Disproportionate effects on low-income and minority students
As the research shows, learning losses hit some students harder than others. Specifically, those from low-income backgrounds and minority students were disproportionately affected by pandemic-related learning losses.
How My Private Professor can help mitigate students’ learning losses
As research shows, tutoring can be an effective tool to address learning losses and help students get up to speed.
In 2020, a meta-analysis of 96 tutoring studies found that tutoring could assist students with reclaiming up to 15 months of learning gains.
In 2021, researchers from Brown University’s Annenberg Institute for School Reform found that consistent tutoring sessions can advance learning by 2 to 10 months.
Although research continues to highlight the fact that tutoring can effectively help students combat learning losses, not enough students are receiving this resources. In fact, a 2023 Chalkbeat report found that, in many of the nation’s largest school districts, fewer than 1 in 10 students got any tutoring early this year.
My Private Professor (MPP) seeks to uplift students by offering one-on-one online tutoring through a national network of tutors from top schools around the country.
Through offering our services, we help take some of the pressure off teachers’ and administrators’ shoulders. As we know, there are only so many hours in the day, and teachers can only do so much before they reach a breaking point.
Considering the absurd number of teacher shortages around the country, it’s important for third parties like ourselves to step in and provide support.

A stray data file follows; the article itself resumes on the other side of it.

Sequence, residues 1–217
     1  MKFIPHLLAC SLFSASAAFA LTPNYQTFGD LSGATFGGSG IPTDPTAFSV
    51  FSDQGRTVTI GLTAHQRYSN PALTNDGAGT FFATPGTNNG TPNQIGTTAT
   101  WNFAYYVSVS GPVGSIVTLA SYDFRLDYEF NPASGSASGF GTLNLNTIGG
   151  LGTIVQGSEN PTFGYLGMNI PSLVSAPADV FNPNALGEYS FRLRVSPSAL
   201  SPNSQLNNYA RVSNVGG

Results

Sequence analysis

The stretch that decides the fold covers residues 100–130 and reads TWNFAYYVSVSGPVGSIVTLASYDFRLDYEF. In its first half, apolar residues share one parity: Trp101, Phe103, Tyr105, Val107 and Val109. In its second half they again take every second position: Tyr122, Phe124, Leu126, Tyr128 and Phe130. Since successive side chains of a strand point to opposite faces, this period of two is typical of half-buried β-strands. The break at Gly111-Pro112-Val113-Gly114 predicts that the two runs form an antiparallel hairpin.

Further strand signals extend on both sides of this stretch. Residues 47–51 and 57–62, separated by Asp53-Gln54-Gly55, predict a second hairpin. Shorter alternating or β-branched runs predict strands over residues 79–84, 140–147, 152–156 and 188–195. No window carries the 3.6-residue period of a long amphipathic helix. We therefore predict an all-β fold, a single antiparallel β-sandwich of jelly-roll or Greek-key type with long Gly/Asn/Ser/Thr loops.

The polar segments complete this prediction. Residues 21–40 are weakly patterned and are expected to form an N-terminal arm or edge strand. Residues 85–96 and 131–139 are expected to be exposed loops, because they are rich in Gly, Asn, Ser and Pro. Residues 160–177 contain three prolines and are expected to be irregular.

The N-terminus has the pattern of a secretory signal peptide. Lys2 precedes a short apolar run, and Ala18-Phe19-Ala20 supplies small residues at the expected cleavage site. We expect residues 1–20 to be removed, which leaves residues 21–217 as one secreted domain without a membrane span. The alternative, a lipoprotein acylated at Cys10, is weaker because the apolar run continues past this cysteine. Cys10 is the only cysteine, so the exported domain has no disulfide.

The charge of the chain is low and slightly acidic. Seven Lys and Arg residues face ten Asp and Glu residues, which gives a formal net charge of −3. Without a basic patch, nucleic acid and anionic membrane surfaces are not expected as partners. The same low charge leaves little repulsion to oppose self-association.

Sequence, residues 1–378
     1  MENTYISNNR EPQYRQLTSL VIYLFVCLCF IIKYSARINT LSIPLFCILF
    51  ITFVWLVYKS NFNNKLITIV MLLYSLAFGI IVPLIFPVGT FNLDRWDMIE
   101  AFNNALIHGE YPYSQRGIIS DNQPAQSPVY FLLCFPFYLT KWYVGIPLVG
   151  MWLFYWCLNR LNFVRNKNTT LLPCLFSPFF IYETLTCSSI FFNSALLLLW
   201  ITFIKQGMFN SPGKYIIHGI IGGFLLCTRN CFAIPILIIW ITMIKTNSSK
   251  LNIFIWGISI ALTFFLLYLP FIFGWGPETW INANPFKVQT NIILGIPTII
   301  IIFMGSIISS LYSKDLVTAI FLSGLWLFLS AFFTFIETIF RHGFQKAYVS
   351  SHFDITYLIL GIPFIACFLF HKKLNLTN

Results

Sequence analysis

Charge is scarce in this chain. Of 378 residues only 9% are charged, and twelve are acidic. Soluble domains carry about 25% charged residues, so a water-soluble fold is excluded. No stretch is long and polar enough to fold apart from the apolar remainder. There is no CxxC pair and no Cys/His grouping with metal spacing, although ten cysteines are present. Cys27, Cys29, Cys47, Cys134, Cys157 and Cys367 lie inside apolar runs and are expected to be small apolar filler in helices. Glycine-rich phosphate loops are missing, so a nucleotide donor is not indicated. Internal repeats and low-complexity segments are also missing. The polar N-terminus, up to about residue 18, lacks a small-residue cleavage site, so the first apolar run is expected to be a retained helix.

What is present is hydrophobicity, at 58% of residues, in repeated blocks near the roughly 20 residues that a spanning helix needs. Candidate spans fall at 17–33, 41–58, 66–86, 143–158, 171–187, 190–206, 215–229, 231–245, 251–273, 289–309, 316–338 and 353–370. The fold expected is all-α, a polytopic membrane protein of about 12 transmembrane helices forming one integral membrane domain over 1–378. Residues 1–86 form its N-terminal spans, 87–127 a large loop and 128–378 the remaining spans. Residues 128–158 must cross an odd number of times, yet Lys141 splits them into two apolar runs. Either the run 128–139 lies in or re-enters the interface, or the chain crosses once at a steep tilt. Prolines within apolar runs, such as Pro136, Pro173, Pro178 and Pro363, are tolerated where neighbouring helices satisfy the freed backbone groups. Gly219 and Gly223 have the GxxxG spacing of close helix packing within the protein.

My Private Professor prioritizes supporting students who face unique challenges
In addition, we know that some students are more in need of support than others.
At MPP, we always go back to our core mission: empowering as many students as possible. And we know that this means acknowledging that not all students have the same resources and privileges. And as it seems, the amount of privilege a student has can significantly affect their outcome in school—as meaningful, educational resources (or lack thereof) can really be a game changer.
That’s why we’ve made it one of our goals to positively impact and uplift students experiencing homelessness and in long-term foster care (LTFC). We recognize that the instability that these students experience can create unique challenges when it comes to getting the academic support and resources necessary to succeed.
As noted, the pandemic hit students of color more significantly (in terms of learning loss) than white students. Meanwhile, students of color experience homelessness or housing instability at a higher proportion than white students.
So we’re determined to use our resources to help—and we do this through our “Give-Back” business model. For EVERY tutoring hour, we earmark a portion of funds for supporting students experiencing homelessness and/or in LTFC.
We’ve been grateful to partner with communities who share our commitment to supporting these students, including South Asian Helpline and Referral Agency (SAHARA) and Illumination Foundation.